The Office of Treasurer of State of Arkansas was established by the Constitution of 1836 with the Treasurer being selected by a joint vote of both houses of the General Assembly. Each Constitution since that time has provided for a Treasurer of State. The Constitutions of 1836 and 1861 called for selection by the General Assembly, while the Constitutions of 1864, 1868, and 1874 required selection by vote of the Arkansas electorate.
The first person selected Treasurer of State by the General Assembly was better known for having established the first newspaper in Arkansas. William E. Woodruff, founder of the Arkansas Gazette, served as Treasurer of State from 1836 through 1838.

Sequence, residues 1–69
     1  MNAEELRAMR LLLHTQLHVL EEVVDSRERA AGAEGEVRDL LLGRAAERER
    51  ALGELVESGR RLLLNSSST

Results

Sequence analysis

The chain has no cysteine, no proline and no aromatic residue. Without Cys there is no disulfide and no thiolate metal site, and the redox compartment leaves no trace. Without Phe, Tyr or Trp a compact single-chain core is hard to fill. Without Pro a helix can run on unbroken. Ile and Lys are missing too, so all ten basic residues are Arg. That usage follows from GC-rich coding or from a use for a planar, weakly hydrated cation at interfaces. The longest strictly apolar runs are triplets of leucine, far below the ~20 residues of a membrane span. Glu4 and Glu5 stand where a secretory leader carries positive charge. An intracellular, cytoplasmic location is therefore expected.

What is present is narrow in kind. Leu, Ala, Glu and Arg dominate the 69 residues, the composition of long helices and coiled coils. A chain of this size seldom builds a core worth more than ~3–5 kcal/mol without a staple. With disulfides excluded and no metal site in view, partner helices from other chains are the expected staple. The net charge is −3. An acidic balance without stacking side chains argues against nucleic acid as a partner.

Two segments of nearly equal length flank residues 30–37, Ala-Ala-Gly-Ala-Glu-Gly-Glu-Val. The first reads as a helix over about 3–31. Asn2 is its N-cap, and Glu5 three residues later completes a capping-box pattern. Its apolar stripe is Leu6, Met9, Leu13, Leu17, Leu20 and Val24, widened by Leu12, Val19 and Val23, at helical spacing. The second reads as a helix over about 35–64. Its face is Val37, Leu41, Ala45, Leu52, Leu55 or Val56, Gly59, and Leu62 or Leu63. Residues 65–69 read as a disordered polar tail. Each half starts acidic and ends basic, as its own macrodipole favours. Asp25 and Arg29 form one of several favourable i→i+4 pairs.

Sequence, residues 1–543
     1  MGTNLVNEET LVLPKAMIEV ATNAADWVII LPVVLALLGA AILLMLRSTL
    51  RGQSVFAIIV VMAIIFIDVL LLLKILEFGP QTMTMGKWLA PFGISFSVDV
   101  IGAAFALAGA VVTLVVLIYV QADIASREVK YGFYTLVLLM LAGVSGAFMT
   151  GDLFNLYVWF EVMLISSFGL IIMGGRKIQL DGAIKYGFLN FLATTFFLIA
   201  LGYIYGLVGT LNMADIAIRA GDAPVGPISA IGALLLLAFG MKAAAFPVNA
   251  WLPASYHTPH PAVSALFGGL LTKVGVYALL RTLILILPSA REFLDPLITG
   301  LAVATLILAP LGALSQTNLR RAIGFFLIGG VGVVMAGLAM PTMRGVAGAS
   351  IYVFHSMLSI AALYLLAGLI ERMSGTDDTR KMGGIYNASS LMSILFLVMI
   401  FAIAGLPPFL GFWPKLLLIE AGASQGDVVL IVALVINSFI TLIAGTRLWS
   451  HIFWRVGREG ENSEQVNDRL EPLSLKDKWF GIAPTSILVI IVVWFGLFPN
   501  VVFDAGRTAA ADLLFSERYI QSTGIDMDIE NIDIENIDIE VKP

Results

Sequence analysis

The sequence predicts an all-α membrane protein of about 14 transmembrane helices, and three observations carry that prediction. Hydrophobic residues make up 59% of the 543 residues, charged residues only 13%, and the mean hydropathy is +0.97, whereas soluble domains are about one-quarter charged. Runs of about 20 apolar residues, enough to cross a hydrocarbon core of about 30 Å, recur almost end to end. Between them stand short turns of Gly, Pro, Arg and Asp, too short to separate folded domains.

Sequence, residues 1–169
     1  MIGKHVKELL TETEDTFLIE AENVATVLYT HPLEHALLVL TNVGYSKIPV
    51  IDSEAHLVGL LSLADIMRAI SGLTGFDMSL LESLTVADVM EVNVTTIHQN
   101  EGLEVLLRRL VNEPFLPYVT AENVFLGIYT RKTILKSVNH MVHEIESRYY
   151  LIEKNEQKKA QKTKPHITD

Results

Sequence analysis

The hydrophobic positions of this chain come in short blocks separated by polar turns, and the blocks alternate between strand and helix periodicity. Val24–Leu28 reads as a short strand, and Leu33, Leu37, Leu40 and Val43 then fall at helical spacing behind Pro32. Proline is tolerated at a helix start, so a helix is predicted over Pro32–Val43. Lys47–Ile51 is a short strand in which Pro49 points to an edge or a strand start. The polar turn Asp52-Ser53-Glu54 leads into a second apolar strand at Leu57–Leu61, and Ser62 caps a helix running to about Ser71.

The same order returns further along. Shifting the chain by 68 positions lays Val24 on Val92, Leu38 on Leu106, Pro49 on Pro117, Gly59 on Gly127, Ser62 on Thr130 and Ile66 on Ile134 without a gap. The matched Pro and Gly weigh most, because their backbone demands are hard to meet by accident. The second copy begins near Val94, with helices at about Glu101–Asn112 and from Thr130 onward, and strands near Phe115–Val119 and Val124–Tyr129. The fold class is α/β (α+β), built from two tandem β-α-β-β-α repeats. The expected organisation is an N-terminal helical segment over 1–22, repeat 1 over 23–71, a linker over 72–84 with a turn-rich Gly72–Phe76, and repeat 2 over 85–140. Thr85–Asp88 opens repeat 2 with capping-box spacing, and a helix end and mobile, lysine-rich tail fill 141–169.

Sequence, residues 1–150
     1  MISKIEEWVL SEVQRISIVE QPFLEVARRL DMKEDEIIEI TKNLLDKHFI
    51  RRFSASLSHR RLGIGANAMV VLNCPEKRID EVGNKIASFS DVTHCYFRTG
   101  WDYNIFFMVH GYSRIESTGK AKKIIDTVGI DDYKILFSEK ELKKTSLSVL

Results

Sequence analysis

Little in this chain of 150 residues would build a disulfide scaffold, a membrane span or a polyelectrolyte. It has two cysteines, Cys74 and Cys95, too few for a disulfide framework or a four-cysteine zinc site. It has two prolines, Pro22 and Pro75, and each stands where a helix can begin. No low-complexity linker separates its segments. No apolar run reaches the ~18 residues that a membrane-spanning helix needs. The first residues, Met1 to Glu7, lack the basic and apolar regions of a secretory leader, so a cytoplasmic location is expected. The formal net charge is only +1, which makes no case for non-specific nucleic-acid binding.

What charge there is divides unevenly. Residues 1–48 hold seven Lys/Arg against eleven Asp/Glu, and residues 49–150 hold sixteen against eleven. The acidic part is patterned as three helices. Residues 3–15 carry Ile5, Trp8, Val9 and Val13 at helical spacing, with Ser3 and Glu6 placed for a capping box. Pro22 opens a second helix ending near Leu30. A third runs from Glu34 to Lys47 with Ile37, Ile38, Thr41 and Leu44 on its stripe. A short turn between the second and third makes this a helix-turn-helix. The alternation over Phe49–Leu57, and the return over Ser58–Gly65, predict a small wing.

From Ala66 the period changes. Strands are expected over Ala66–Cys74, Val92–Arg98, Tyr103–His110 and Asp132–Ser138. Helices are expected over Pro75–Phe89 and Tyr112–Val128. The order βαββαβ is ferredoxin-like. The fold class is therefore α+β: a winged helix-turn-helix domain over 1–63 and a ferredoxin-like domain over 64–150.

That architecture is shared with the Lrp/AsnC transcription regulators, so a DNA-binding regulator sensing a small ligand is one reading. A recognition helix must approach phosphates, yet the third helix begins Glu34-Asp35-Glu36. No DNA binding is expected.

State Treasurer Thomas J. Churchill went on to serve as Governor of Arkansas. In addition, the first woman to be elected to an Arkansas Constitutional Office was a State Treasurer, Mrs. Nancy J. Hall. Mrs. Hall served as Treasurer from 1963 until 1981. Succeeding Mrs. Hall was Ms. Jimmie Lou Fisher who served from 1981 through 2002. At the time Ms. Fisher took office, many of the financial records of the state were still maintained by the only means available — handwritten ledgers. Ms. Fisher initiated and oversaw the Treasurer of State’s Office move toward modern data processing equipment as technology advanced.